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10

As was pointed out in ypercube's answer, when there is no ORDER BY clause there is no defined order. What I would like to add is that it's important to realise that SQL is very much an abstraction, it does not specify step by step what the DBMS is to do but rather specifies your requirements of the end result. This implies that if the data is already ...


14

No, your colleague is wrong. All SQL proroducts - DBMS that behave according to the SQL standards - provide no guarantee that the result of a query output will be ordered in any way, unless there is an ORDER BY clause in the query. As the IBM DB2 docs mention: Ordering is performed in accordance with the comparison rules described in Language elements. ...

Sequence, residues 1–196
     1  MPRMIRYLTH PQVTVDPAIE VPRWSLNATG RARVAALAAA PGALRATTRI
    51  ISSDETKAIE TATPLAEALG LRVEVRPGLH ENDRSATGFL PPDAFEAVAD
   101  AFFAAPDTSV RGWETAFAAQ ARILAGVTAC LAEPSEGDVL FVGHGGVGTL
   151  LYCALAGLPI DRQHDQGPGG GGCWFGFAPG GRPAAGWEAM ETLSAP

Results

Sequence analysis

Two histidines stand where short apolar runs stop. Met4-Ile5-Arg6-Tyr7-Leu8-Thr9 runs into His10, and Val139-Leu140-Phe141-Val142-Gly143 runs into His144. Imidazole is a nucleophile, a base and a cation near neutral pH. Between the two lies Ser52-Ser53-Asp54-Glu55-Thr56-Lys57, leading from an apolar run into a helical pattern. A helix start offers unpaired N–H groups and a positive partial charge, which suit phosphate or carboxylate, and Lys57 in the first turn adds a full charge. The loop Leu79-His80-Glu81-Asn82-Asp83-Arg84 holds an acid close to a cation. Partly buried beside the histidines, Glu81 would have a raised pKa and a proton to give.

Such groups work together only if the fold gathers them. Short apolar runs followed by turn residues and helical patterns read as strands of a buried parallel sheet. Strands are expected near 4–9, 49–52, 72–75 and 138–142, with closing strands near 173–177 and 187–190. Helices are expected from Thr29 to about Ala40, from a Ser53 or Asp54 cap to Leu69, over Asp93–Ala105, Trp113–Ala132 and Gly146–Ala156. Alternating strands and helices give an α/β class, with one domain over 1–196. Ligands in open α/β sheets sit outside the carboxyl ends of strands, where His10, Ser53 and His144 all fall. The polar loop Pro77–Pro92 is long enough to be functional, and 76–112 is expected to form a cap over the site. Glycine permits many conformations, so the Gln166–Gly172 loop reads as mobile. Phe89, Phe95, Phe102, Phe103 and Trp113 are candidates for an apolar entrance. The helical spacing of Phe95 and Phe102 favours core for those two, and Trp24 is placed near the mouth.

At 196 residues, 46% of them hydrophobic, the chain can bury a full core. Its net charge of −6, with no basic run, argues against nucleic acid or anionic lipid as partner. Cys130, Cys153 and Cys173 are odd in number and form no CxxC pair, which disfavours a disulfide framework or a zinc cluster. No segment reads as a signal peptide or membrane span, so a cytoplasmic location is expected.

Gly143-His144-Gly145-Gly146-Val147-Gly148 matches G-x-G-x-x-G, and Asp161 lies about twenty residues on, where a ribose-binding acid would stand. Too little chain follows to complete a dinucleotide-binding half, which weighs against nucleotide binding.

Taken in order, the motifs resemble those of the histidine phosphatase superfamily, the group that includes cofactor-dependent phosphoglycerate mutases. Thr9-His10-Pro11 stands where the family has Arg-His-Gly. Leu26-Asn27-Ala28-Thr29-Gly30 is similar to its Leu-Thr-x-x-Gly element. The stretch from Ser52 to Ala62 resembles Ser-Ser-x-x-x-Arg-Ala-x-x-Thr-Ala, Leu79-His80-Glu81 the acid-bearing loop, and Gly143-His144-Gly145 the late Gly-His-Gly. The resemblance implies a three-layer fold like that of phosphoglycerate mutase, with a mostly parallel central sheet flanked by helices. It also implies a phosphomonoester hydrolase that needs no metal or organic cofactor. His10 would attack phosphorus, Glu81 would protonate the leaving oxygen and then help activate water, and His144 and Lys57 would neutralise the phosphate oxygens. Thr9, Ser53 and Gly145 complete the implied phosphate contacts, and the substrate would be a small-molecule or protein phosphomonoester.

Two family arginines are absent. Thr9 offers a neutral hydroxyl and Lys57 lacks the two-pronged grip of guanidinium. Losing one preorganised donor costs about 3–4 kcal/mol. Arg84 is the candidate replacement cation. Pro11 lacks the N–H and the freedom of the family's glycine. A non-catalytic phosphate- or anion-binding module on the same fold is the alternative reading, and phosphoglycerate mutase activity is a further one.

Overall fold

0

To respond to your question, if you want to validate multiple conditions for a case statement, you can use coalesce or nest case statements. However judging by what you want to do, it might be best to handle this within your application. SQL Server is not made for computing, it's a database, inherently meant to store and produce data. As such it's been ...


0

This is a "top n per group" problem but within the limits of MySQL. You need to GROUP first then join back SELECT F.* FROM ( SELECT MIN(availability) AS MINavailability, id_product FROM foo GROUP BY id_product ) X JOIN foo F ON X.id_product = F.id_product AND X.MINavailability = F.availability ORDER BY F.availability, ...



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